In her history of the Genbunitichi (言文一致), that saw the transformation of classical Japanese into it modern form, Nanette Twine (1978 p. 355) discusses how Meiji Period scholars devised the systems that evolved into modern Japanese script.

The Genbunitchi movement after 1866 was in no sense the result of a natural evolutionary process; rather, it can be seen as stemming from one of the many catalytic ideas imported from the west about that time. Had Japan remained in isolation, traditional styles would doubtless have maintained their dominance and the colloquial would have remained confined to popular literature and occasional evangelical or instructive texts. Once the Genbunitchi movement and its attendant advantages had been observed in other countries, however, it became merely a matter of time before an attempt was made by progressive thinkers to introduce the movement into Japan.

Twine’s interpretation is that the modernization of Japanese writing was directly the result of Western influences. Thinkers and officials of the time modeled modern Japanese after European languages. The concept of an alphabetized writing system based in colloquial speech was derived directly from these Western models. Without their use as a model, there is little reason to believe Japanese reform would have moved in this direction. In fact, these changes were incredibly difficult to implement and stylistic restructuring of language use continued into the middle of the 20th century.

…and so what?

The problem of Western influence has come up before on my blog. As Michael Turton has pointed out, critics are extremely selective about the examples they choose to illustrate their case. No one ever points to the Meiji Restoration as an example of what Western influence can do, when, in fact, history offers few better examples. In the past, comments on my blog have raised the issue of imperialism in education. The claim is that ‘Western imperialism’ is shaping education through the new force of commercial education. My position on this is that imperialism is related to empire, and as such, this is incorrect usage. A more accurate term would be neocolonialism.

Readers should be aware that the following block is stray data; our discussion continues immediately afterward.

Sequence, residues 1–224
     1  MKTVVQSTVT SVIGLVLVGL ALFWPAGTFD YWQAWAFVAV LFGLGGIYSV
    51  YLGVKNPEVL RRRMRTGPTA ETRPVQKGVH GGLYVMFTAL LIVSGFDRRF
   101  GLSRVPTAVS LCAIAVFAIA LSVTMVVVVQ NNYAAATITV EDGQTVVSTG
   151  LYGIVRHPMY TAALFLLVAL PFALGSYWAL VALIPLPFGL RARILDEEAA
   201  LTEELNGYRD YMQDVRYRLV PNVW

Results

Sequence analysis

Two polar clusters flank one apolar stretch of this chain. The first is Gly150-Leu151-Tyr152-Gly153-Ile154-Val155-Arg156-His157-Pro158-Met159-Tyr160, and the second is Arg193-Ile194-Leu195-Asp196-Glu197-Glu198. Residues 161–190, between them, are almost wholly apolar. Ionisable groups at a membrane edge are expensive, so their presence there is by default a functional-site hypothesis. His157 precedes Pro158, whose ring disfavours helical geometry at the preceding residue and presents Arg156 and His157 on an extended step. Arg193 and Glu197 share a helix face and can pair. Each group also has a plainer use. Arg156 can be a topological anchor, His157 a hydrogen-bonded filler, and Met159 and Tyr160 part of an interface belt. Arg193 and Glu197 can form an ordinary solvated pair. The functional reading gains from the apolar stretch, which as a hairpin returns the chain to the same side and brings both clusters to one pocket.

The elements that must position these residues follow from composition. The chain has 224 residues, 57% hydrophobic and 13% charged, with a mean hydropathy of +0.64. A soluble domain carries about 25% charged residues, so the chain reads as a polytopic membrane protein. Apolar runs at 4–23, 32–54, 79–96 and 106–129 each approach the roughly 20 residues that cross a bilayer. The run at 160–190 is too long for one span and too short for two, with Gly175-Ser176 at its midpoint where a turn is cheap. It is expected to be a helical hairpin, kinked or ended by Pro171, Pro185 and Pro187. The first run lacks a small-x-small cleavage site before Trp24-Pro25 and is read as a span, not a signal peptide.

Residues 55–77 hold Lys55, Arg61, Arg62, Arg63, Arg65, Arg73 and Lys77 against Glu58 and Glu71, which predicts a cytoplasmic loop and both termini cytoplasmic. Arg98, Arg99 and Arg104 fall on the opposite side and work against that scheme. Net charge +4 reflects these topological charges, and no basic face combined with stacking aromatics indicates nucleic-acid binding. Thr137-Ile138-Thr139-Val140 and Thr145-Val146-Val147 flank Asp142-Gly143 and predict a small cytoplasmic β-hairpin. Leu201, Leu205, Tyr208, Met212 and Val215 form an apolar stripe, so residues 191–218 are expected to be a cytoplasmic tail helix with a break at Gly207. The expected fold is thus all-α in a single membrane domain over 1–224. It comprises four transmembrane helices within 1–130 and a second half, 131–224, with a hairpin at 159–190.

The concept of globalization is only poorly understood. The Japanese only reluctantly accepted their place as modern citizens in a world power. There was staunch resistance from displaced feudal lords who were yet to find their place in the ruling class. Initially, in a chapter of the Meiji that is generally forgotten, there was open war with the forces that opposed Restoration. At the time, it was not at all clear that opening up to change was the correct choice. There are probably few alive today who doubt this was the right choice, even for the families of the displaced samurai who were slaughtered. But even late into the 19th century, cultural elites continued to resist script and rhetorical reform.

I have argued that if Taiwan is to survive the changes of this century we need to adopt educational principles developed by people with a very different history and culture. The failure to do this will leave us at the mercy of economic architects with much more power to shape globalization. While I am not sure we are making the right choices, it’s clear that such choices have to be made – and that is why I applaud the efforts of the Second Global Higher Education Forum (GHEF2009). But if there is anything that history has taught us, not making these choices is wrong.

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8 Responses

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  1. Mu said, on May 5, 2009 at 3:05 am

    Hello Scott,

    I was under the impression that hirigana (not so sure about katakana) was little more than a formalisation of an existing system that was in widespread use in Japan – by housewives…

    Lacking a system to communicate in writing (since they were not educated in kanji/other systems), they developed an informal system of simplified kanji/hanzi-like characters, matching Chinese characters to Japanese sounds – but not meanings- approximately. (‘yu’ and ‘me’ are quite interesting hirigana).

    I guess what I’m asking, is to what extent do you think a ‘small but effective working alphabet/syllabary (?) for the common person’ was already in place before the meiji restoration?

  2. Scott Sommers said, on May 5, 2009 at 3:50 am

    Mu,

    It’s great to hear from you.

    I think the real answer to your problem lies in the distinction between writing and literacy. A large number of pre-Meiji Japanese would have been able to read and write, as was the case in imperial China. Nobility may have been able to understand their writing, but that is not the script in which the culture of the state was transmitted.